Hutton nr Penruddock
Well….this was an annoying site to visit. Typically, the gardens that surround Hutton John are well tended and quite spectacular….however, from my point of view, and with a camera that lacks an x-ray lense (!) they are nothing but a barrier. The pele tower is situated at the bottom of a steep hill near to the small hamlet of Hutton, a hundred yards North of Dacre Beck, and south of Penruddock.
According to plans of the building, the tower, with its thick walls and crenelated roof, can be seen to the left of the above photo...behind the foreground building. The walls of this portion of Hutton John, are shown as about twice as thick as the rest of the buildings around it.
The pele tower (original structure) was built in the late 14th century, possibly around 1353, by the Hutton family. Through the mid 17th, and early 18th centuries, various alterations and additions were made, until, as with many towers in this area, the original structure was swallowed up in the grandness of the building. The later alterations were mostly carried out by the Huddleston family (of Millom castle fame) The hall came into the Huddleston family via the marriage of Marie Hutton in 1564 (god-daughter of Queen Mary) to Andrew Huddleston. The Huddlestons remained at the hall until the 1970’s.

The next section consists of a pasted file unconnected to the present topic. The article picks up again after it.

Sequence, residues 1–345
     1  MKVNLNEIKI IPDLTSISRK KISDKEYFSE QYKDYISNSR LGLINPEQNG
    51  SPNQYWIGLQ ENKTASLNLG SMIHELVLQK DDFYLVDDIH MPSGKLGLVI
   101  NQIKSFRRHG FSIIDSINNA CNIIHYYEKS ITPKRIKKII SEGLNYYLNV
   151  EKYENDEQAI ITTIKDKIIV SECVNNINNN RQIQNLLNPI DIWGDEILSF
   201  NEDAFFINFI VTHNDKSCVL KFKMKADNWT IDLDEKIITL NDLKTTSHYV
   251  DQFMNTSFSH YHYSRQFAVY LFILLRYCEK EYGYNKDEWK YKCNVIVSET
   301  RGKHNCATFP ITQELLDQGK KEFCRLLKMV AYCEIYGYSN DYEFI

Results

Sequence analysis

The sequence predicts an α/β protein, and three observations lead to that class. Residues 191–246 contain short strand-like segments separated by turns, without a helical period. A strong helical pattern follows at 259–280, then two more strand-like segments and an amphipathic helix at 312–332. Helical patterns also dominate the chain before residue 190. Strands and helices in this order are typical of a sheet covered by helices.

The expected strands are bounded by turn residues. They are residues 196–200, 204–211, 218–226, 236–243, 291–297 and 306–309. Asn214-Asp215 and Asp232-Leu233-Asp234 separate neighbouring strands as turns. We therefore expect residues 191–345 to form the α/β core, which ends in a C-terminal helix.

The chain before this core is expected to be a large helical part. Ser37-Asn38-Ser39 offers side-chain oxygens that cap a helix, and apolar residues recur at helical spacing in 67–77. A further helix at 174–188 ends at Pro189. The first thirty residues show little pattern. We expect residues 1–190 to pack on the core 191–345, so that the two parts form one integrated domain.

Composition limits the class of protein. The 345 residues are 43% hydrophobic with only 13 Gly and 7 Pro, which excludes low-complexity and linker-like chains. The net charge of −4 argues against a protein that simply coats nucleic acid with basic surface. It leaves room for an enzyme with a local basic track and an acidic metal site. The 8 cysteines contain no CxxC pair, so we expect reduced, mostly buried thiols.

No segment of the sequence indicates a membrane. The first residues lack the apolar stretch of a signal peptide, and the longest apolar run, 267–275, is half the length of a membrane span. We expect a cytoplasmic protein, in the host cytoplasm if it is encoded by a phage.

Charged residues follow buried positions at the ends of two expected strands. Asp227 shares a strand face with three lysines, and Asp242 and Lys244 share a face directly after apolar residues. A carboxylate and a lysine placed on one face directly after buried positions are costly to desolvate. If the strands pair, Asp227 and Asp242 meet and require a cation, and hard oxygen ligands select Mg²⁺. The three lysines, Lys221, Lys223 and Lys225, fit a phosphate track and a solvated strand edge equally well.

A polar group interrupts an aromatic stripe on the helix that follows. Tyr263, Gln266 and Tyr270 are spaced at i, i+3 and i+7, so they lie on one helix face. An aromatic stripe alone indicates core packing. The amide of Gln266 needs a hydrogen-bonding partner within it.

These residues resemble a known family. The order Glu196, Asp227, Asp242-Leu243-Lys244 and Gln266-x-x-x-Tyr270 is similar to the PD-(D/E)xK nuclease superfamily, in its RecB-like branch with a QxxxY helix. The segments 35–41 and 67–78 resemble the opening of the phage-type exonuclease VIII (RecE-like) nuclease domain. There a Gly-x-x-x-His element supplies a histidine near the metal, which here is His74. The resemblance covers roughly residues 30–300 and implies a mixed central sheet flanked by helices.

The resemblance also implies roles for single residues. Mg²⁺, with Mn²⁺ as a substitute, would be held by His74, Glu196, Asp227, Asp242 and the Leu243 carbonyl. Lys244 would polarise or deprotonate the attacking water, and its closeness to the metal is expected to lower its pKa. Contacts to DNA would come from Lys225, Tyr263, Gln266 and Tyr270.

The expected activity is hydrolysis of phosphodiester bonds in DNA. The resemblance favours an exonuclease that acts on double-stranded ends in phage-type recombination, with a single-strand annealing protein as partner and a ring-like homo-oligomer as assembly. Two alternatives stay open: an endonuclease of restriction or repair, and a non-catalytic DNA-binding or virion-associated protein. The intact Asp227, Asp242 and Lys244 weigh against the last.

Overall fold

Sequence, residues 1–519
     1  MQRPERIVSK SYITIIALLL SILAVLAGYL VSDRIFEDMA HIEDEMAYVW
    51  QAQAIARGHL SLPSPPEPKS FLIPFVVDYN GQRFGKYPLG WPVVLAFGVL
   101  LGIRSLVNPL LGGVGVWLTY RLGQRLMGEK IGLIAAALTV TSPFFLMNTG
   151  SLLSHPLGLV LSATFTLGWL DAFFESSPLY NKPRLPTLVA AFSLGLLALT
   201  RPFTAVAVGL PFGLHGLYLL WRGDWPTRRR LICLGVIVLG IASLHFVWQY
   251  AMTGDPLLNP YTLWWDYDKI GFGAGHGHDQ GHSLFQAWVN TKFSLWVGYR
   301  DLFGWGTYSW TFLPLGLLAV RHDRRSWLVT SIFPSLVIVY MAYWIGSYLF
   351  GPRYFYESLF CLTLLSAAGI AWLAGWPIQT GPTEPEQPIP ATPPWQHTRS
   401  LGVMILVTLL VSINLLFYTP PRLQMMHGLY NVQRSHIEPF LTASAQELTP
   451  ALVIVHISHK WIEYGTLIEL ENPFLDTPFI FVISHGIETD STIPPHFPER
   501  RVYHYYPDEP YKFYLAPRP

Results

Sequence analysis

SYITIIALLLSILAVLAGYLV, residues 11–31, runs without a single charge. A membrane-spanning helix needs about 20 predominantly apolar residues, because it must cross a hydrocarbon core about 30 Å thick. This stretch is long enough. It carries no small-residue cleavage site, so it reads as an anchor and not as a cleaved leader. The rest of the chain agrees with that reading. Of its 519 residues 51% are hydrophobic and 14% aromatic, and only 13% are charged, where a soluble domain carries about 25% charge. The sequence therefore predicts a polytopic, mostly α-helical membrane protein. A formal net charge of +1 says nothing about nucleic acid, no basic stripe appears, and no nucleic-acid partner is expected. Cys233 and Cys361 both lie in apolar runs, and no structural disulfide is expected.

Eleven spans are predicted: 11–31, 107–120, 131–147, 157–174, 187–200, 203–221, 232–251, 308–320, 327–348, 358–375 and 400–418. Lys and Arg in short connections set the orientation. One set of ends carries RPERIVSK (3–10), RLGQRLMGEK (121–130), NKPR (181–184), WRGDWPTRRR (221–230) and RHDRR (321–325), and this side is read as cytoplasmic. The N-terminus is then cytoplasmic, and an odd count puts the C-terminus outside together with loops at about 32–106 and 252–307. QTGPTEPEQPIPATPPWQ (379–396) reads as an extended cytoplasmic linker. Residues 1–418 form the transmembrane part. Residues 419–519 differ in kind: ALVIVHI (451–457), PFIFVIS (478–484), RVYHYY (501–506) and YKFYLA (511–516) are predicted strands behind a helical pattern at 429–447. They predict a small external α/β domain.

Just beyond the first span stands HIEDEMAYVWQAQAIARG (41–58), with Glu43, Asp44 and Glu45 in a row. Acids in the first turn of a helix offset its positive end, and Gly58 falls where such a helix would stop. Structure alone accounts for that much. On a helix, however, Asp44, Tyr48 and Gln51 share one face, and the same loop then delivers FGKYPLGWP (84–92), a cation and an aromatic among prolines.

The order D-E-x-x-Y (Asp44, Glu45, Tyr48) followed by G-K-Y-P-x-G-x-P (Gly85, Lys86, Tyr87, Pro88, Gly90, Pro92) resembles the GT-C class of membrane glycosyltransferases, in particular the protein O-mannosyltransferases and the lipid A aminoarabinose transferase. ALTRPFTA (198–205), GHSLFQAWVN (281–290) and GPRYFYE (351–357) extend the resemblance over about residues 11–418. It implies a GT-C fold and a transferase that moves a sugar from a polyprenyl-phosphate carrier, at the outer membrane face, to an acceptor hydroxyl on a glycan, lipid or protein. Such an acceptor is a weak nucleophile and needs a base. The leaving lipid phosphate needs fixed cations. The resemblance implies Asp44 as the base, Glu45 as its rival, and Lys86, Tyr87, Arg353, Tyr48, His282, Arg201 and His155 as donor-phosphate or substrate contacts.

The tower has thick walls made of the familiar local red sandstone. One side of the courtyard possibly still has part of a curtain wall still standing….possibly dating from the 16th century. The tower, that part that can still be seen, still has a few loops visible on the external walls, whilst there are reputedly some loops visible inside the tower.
As with some other local towers (Blencow and Catterlen) the original site of the Hutton’s fortification, was a moated site still said to be visible some 150 metres to the East of the current hall.